The widow of 2015 Flight For Life crash victim won’t stop until helicopters are safer
This is the second installment of a two-part series remembering the 2015 Flight For Life helicopter crash. Part one, published on July 3, is available here.
The feel of the wind on her face as she stood flat-footed, watching the wreckage burn — it’s a sensation that returns whenever Karen Mahany remembers first reaching the scene of her husband’s death.
Only moments earlier, Flight For Life’s Lifeguard 2 helicopter crashed next to St. Anthony Summit Medical Center in Frisco shortly after takeoff with 64-year-old Patrick Mahany at the controls. Flight nurses Matthew Bowe, 32, and Dave Repsher, 45, were also on board and both seriously injured when the aircraft abruptly tomahawked from out of the sky and back to the pavement on July 3, 2015.
Nearby hospital staff would battle a mix of flames and emotion as they rapidly worked to get each member of the crew over to the emergency room. Through medical interventions, Patrick — a pilot with the organization since 1987 following a decorated Army career in Vietnam — held on long enough for his wife to race over from Dillon and tell her physically shattered husband it was all right if he let go, that she’d eventually find a way to be OK again.
“That was so hard, but I knew I needed to do that for him because I didn’t want him to worry about me,” said Karen, who lost her husband not quite two weeks after their 12th wedding anniversary. “That has been so helpful moving forward that I didn’t have any regrets. I mean, I wish he was here and we were on the lake waterskiing in Missouri. I hate that that’s not happening, but there wasn’t anything left (unsaid) between us.”
Rather than allow the crippling grief to win out, Karen has chosen a different path. Since that Friday afternoon, she’s channeled her energy into research and meeting with members of Congress to lobby for improved aviation safety measures on helicopters just like the Airbus model AS350-B3e Patrick was piloting.
The unshakeable aim for Karen, who met Patrick in her prior career as a flight nurse with Flight For Life for nearly eight years, has become preventing such a tragedy from ever happening again.
“It would have been easy to just close the doors to my house and shut the world away and ignore it,” she said. “But any time I see a helicopter that’s gone down and there’s been life lost, it’s like I relive that day all over again, watching Patrick die. I don’t want one more wife to have to bury her husband or one more flight crew to have to come to a funeral or have to do the bedside vigil.”
The National Transportation Safety Board released its initial findings from the incident in March of this year at a hearing in Washington, D.C. The federal investigative agency that reviews civilian accidents blamed a hydraulic issue and the lack of a sufficient alert system to warn Mahany of the problem before the crash. The board also stated the accident was preventable and pilot error was a contributing element.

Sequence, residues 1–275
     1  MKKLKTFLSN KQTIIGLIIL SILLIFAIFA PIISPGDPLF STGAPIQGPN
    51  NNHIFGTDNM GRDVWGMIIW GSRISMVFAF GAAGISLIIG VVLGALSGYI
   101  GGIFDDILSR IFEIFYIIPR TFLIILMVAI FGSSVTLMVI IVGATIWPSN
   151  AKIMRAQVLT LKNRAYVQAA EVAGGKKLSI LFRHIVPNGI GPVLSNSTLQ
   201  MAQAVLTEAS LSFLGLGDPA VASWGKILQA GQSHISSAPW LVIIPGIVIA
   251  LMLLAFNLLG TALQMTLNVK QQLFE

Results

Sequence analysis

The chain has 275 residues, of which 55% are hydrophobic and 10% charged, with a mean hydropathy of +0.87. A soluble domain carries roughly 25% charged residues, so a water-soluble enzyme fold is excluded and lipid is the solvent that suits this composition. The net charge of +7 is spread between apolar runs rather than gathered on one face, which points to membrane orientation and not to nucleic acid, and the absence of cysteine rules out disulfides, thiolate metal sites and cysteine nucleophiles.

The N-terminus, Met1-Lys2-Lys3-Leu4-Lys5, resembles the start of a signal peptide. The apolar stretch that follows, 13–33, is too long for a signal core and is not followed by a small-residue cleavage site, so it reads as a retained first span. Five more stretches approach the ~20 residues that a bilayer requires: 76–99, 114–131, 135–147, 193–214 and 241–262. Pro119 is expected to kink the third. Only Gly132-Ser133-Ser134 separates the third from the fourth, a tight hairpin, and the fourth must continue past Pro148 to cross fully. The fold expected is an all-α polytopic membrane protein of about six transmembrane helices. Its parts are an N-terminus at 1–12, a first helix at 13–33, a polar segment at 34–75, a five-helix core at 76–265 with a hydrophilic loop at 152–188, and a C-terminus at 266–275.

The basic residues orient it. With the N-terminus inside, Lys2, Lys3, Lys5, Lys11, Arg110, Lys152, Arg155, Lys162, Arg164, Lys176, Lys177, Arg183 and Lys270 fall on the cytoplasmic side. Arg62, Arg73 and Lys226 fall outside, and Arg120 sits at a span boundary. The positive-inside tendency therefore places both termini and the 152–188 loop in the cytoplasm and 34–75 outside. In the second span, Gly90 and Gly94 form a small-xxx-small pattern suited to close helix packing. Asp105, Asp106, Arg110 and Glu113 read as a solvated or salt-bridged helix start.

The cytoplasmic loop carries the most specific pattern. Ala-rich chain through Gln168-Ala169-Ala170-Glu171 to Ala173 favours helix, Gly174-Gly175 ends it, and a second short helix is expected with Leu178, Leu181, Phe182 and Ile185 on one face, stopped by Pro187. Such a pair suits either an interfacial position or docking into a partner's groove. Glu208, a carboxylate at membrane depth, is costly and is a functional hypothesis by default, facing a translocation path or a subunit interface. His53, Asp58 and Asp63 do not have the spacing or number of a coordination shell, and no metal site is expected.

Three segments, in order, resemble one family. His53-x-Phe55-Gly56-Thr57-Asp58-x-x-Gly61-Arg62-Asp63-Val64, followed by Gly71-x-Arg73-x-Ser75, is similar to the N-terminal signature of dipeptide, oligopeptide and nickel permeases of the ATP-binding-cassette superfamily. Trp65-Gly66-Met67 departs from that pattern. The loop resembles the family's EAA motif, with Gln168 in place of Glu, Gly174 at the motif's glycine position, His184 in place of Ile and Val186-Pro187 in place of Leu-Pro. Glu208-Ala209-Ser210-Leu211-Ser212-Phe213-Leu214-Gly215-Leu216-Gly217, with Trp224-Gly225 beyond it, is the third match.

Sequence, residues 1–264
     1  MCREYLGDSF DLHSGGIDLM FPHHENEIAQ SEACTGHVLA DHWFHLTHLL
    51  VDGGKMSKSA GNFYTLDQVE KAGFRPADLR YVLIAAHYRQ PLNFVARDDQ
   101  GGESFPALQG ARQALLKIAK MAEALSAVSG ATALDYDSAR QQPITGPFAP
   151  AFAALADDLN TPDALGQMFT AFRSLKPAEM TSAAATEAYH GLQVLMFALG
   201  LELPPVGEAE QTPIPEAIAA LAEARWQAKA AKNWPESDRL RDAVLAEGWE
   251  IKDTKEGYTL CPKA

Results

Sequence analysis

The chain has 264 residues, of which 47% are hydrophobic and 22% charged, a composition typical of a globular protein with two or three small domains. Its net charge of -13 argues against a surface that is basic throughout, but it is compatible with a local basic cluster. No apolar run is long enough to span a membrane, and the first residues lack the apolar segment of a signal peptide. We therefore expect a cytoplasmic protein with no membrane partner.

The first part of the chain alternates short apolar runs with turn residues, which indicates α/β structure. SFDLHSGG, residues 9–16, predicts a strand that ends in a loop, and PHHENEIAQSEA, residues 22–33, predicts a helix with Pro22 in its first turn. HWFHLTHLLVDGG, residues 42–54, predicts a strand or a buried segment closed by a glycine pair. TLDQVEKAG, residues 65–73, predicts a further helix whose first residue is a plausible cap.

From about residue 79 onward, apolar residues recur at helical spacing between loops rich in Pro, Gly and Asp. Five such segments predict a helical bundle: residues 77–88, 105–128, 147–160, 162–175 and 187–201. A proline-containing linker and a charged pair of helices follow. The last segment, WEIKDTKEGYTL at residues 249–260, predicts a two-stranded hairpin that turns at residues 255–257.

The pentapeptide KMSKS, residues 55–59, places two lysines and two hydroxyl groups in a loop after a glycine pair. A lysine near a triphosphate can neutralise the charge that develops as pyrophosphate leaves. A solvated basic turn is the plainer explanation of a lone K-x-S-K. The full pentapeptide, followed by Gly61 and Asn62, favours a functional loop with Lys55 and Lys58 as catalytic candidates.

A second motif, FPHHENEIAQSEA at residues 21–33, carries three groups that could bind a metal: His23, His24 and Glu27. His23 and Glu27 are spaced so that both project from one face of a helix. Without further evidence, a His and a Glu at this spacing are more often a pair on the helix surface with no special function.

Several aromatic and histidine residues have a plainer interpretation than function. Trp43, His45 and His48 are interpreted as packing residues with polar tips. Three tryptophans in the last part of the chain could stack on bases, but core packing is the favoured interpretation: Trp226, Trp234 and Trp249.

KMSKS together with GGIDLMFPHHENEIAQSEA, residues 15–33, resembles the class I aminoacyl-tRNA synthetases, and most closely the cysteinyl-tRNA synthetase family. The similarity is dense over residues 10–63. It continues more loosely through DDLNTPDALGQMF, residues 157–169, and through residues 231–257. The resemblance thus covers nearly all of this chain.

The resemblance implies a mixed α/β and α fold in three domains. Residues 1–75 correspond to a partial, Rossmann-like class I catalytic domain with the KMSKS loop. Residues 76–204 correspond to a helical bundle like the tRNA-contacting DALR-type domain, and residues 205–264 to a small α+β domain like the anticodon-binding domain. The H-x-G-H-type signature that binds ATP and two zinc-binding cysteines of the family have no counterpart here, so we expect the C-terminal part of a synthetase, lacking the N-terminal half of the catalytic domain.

Few questioned Patrick’s abilities, but the document noted that had he performed a standard “hover check” during takeoff, he would likely have determined the complication before the helicopter begun spinning wildly.
“I’ve seen him do just some crazy, incredible things with a helicopter,” said Summit County Sheriff Jaime FitzSimons. “I’ve been out in the middle of nowhere and Pat’s landing a frigging helicopter where no one else could have done it, and getting the rescue out there and picking up the subject that’s injured. I’ve seen Pat put a skid on a rock on the side of a mountain while we load the helicopter, with the blades seemingly inches from a cliff face. So it makes no sense.”
The NTSB added that it was a survivable event, but absent a crash-resistant fuel system the chances escalated significantly for it to be fatal. Along with Repsher and his wife Amanda, Karen Mahany attended that meeting in the nation’s capital.
“They flat out said this was a survivable crash if it had the proper safety equipment,” said Karen. “They said, ‘He should be sitting here with you if the safety equipment was there,’ and that sent me into a tailspin.”
That final report, with its concluding recommendations for the Federal Aviation Administration, has yet to be submitted, but Bowe and the Repshers wasted no time hiring attorneys and filing civil cases in Summit County District Court. In identical but separate lawsuits against Englewood, Colorado-based helicopter operator Air Methods Corporation and manufacturer Airbus Helicopters, they charge negligence and liability based on inadequate servicing and maintenance, and flawed design. That jury trial is set for next spring.